So, Dance Teachers, please rethink your costuming choices. And Dance Parents, please voice your objections to costumes like these, if you have them. Barely there costumes like these do not make a dance more competitive and parents shouldn’t be afraid to voice concerns over immodest attire.

Maybe I’m wrong or maybe I’m just being an asshole but I think our kids deserve better.

Stay tuned…in future posts, I will offer my expert opinion on tilts, leg extension, crotch shots, props, music selection and much, much more.


246 thoughts on “Dance Teachers: Please Put Some Clothes On Your Students

  1. My lil dancers have all grown up and are moms of boys…but it’s interesting to note that Mattel is changing its dolls soon to be less sexual and more like “real” people dolls with various body types…manufacturers of costumes make more with less fabric so soon the kids won’t have much to wear… a patch here and there or maybe just a string…it is too bad for young girls I would say…like the jeans with holes in them…my dad was so poor he was embarrassed to go to school because he had holes in his jeans back in the day…now the rich wear them and it’s stylish to look like a bum…holy cow!

  2. I danced for 10 years when I was younger. My dance studio started off as a small, family friendly studio who only competed as one competition per year. We had fun, and we’re very close knit. When I started getting older, this studio gained more recognition and dancers. Because of this, we competed more and wore more costumes like this. Might I remind you, I’m not the skinniest girl, I am pretty heavy set, but I was also good at what I did. And when these costumes came “into style”, I had low self esteem and didn’t want to perform of stage while wearing this. Some people might like showing it off, but I never did.

  3. As s dancer/teacher, and a mother of a 25 year old professional dancer/teacher WE WILL SECOND THIS. AMEN GIRL! Adults are one thing but anyone under 18 to me should be covered and IF there is a s small amount of tummy showing Ian’s they are under 14 they put on a body liner at least. But there will be no crop tops at my studio. Kids learn and get sexy on their own. No need to teach it to them as kids

  4. Your comment, ” I’m not sure what I find the most objectionable – sending 8-year-olds out onstage dressed like this or sending 17-year-olds in this attire.” summed up exactly how I have felt.. My daughter danced with a local studio,was in competition for 9 years, minored in dance in college, and now teaches dance. I have seen dance costumes get more and more skimpy through the years. It isn’t pretty. The sensual, sexy dance style seems to be the norm for the under 10 crowd at some studios. Fortunately, the studio where my daughter danced (and now teaches) believes in more modest costumes and age-appropriate dance content. I wish all dance teachers would take this article to heart!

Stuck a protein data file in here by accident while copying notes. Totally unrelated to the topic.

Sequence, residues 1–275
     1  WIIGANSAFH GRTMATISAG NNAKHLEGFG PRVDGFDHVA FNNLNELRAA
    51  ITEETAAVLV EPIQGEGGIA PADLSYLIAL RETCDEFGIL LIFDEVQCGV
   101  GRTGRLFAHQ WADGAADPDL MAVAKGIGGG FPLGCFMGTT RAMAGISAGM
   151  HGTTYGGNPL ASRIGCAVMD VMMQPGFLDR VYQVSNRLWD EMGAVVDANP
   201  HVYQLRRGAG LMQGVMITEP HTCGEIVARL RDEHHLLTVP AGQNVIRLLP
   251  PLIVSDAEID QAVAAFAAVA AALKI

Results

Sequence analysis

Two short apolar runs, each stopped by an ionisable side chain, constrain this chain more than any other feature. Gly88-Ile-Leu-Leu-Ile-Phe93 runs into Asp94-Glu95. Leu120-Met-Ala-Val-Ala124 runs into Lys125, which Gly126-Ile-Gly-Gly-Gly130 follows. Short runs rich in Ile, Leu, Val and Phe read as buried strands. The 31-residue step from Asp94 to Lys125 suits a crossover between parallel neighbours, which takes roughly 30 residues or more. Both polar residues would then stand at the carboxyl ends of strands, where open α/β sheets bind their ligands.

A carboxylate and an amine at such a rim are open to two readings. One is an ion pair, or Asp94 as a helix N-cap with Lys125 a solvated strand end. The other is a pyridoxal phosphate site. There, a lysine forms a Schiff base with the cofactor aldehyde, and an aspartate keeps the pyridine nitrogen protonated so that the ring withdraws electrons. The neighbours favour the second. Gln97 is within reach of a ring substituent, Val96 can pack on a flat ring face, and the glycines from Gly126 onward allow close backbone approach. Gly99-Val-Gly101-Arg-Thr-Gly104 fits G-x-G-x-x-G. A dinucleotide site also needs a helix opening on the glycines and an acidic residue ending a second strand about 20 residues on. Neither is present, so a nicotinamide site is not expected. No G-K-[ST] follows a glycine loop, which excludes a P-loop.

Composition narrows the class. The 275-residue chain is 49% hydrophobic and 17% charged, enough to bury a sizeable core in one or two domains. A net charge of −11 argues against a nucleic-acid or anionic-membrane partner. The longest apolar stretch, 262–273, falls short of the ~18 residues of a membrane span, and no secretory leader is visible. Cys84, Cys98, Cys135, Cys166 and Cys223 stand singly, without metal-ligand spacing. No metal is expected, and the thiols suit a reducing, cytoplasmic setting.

5. Amen! I have sat through many and thought that all they needed was a pole. They look like they want dollar bills shoved into their little panty-things!

    People would pay more attention to the actual dance if they were not astounded by the costumes! Go Girl!

    Sherrie >

    • Walking around in public could almost be safer…I’m definitely not suggesting it’s a good idea, but absolutely anyone can come watch a dance recital! These kids who are on stage don’t know who they’re performing for; they can’t see who is staring at them in the audience, taking pictures, etc. If you wouldn’t send your kid out in public wearing something like this, you definitely shouldn’t put them on stage wearing it!

  6. I haven’t heard one parent concerned that for every photo you take with your daughters holding there leg next to their head and wearing leotard or short Lycra shorts there is a pedofile downloading that photo and they go to these competitions to take photos . One Dateline they arrested a pedofile ring that shared over 5000 photos of girls 4-12 and they were titled hot crotches . The detective said he went home that day and told his wife no more if they can’t wear tights or leggings she’s not doing it any more . At some point common sense must speak out .

  7. Pingback: Dear Dance Teachers: Please Stop Sexualizing Your Students

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  9. I just celebrated my 80th Birthday, and am still actively teaching dance to my adult ladies. My Mother passed away in August of ’15 and she was still actively teaching until a few weeks before her 99th Birthday. We jointly owned and operated 2 studios with pupils from the age of 4 years to Adult. We opened out first studio in 1952. and the battle for age appropriate costuming has many times lost pupils for us. Instead of wearing a full skirted red with black spot lady bug costume, Mama wants her darling in a red sequin short and halter top costume. If the story line calls for a caterpillar, instead of a shiny green full length, body covering cocoon, again Mommy Dearest insists she wants a tiny green bikini style costume for her “dancer”. Those students we lose to parents with that mind set, are very welcome to go elsewhere. But even worse is when the teachers put racy costumes with the current style of hip hop or rap movements — I refuse to call that vulgarity :dance: Please keep pushing your observations out to the public. We need all the help we can get with this problem